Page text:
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Is that a recyclable milk jug under all that trash? This AI can tell.
by Helen Hwang
But training the neutral network is ‘several orders of magnitude more challenging.’
High-speed systems that sort recyclables currently operate to an 80% to 95% purity, meaning people still have to manually pick out stray objects before materials can be recycled.
Getting to 95% or higher purity is needed for the resulting output of materials to be profitably recycled, according to a blog on IEEE (Institute of Electrical and Electronics Engineers) Spectrum. “We’ve pushed the current systems as far as they can go,” wrote Jason Calaiaro, director of hardware engineering for AMP Robotics. “Only AI can do better.”
How AI improves recycling
Most recycling is carried out through single-stream recycling processes, where cardboard, glass, plastics and other materials are tossed out together and then sorted.
Pick-and-place robots that use computer vision typically are programmed to identify one or a few objects. But recyclables come in many shapes, sizes and forms.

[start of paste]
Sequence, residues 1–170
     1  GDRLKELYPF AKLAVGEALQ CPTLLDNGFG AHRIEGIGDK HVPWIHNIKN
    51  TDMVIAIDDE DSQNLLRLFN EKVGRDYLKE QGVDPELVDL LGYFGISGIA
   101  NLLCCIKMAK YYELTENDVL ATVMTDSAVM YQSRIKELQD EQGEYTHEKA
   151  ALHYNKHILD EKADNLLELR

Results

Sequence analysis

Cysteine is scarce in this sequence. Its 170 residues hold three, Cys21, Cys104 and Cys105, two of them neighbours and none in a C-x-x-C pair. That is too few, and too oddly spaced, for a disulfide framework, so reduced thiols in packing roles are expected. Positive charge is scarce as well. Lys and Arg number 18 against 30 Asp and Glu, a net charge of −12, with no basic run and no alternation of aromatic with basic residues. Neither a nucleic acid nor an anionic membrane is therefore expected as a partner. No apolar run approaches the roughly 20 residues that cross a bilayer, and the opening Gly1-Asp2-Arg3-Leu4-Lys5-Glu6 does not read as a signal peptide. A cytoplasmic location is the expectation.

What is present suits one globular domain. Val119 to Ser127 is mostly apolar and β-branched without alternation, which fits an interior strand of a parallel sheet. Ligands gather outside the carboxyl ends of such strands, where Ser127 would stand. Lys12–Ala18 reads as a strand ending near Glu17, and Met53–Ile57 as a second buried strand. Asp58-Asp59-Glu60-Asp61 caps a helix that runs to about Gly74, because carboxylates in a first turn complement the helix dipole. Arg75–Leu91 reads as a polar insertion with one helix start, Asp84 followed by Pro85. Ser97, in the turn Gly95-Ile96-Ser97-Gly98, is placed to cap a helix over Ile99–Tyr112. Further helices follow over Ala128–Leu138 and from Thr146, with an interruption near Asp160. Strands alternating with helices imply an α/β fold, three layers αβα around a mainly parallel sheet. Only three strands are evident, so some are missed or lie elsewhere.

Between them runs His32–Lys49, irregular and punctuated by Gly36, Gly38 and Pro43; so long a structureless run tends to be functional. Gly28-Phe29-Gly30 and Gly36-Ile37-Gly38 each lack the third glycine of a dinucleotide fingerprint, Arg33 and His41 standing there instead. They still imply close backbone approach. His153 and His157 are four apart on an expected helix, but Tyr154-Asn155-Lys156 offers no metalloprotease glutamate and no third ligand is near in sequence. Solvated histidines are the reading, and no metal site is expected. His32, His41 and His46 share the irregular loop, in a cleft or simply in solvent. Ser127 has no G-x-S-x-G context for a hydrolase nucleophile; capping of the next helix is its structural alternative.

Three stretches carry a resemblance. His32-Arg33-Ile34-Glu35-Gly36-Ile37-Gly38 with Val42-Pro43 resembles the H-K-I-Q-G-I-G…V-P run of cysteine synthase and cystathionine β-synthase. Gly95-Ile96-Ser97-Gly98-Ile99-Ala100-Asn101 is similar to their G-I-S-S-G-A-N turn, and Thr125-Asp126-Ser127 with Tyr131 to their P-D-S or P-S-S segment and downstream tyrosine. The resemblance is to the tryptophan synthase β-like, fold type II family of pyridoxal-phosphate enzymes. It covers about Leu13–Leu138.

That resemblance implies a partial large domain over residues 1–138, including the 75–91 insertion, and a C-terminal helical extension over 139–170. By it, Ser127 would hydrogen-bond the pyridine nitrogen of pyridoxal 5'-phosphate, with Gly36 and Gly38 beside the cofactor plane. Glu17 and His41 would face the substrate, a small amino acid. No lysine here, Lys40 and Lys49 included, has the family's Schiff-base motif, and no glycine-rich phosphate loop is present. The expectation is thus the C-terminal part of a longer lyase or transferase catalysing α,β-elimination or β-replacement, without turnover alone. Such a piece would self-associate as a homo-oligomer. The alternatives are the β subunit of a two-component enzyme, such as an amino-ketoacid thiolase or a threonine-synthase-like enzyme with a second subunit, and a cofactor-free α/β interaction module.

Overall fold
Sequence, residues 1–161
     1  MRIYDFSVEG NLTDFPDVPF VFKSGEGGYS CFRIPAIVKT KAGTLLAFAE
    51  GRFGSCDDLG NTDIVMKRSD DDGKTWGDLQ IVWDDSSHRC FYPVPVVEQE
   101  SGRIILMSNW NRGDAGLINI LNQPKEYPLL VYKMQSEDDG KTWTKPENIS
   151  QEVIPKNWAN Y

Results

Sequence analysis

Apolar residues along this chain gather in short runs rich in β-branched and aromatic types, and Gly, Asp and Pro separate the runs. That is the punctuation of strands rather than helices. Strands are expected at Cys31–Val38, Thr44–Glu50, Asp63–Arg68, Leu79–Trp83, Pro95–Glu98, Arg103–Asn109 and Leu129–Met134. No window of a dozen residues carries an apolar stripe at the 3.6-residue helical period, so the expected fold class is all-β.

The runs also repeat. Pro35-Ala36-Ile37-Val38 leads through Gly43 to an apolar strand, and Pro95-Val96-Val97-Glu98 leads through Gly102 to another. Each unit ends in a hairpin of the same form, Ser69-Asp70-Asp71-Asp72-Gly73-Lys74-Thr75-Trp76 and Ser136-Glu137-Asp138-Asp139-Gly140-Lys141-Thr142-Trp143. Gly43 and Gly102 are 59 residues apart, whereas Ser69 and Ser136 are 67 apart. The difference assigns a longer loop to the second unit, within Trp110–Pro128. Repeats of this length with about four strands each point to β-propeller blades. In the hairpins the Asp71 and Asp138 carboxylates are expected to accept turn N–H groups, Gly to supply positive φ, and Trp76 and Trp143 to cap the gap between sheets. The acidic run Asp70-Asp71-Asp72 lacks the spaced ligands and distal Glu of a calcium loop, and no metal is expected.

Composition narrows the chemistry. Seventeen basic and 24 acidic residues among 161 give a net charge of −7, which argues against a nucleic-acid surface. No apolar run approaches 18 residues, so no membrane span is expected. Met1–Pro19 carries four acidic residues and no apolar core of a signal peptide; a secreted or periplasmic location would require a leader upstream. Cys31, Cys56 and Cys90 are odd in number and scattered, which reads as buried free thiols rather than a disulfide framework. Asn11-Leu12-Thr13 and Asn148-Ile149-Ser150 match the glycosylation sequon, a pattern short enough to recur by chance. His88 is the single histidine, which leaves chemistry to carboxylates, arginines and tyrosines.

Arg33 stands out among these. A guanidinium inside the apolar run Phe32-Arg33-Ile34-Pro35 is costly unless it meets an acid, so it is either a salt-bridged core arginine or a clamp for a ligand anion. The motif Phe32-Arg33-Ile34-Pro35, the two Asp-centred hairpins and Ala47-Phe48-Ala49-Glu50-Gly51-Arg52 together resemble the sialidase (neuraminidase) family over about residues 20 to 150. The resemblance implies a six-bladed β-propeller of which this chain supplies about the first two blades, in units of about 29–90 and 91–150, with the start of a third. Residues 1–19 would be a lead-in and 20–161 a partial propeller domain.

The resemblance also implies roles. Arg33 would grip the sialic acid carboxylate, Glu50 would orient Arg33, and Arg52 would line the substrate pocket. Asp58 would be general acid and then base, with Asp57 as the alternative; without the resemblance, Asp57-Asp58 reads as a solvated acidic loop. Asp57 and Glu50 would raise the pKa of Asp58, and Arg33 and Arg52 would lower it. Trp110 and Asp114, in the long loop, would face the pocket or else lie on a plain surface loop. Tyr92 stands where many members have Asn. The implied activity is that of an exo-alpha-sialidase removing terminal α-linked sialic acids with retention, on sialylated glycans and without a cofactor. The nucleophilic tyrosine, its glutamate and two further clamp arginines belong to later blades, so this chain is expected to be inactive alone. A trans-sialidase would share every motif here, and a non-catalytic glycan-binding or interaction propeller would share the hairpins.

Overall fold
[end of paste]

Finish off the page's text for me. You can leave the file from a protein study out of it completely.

This is where training neural networks comes in to identify objects in a recycling stream. Using image analysis, “AI makes it theoretically possible to recover all of the recyclables from a mixed-material stream at accuracy approaching 100%,” Calaiaro wrote. “If an AI-based sorting system can see an object, it can accurately sort it.”
For example, consider high-density polyethylene (HDPE), which is a commonly used plastic for milk jugs and detergent containers. In a typical system, the paper or plastic labels on the containers make them hard for the robot to identify.
Using computer vision driven by AI, however, enables the robot to recognize the packaging and use factors such as color, opacity and form factor to identify the object. (The words are part of the object’s visual attributes.)
Challenges of training
However, training the AI to do this task is “at least several orders of magnitude more challenging” than recognizing faces in a photo because there can be “nearly infinite variety of ways that recyclable materials can be deformed and the system has to recognize the permutations,” he said.
It is hard enough to train a neural network to identify, say, all the types of laundry detergent containers in the market, but to correctly detect that container when it has been bent or crushed into a different shape is “an entirely different challenge,” Calaiaro added.
What’s more is that maybe only part of the detergent container is visible, buried under other types of trash.
Still, the higher accuracy achieved is worth the heavy lifting. “Given the perpetual worker shortage in this dull and dirty business, automation is a path worth taking,” Calaiaro said.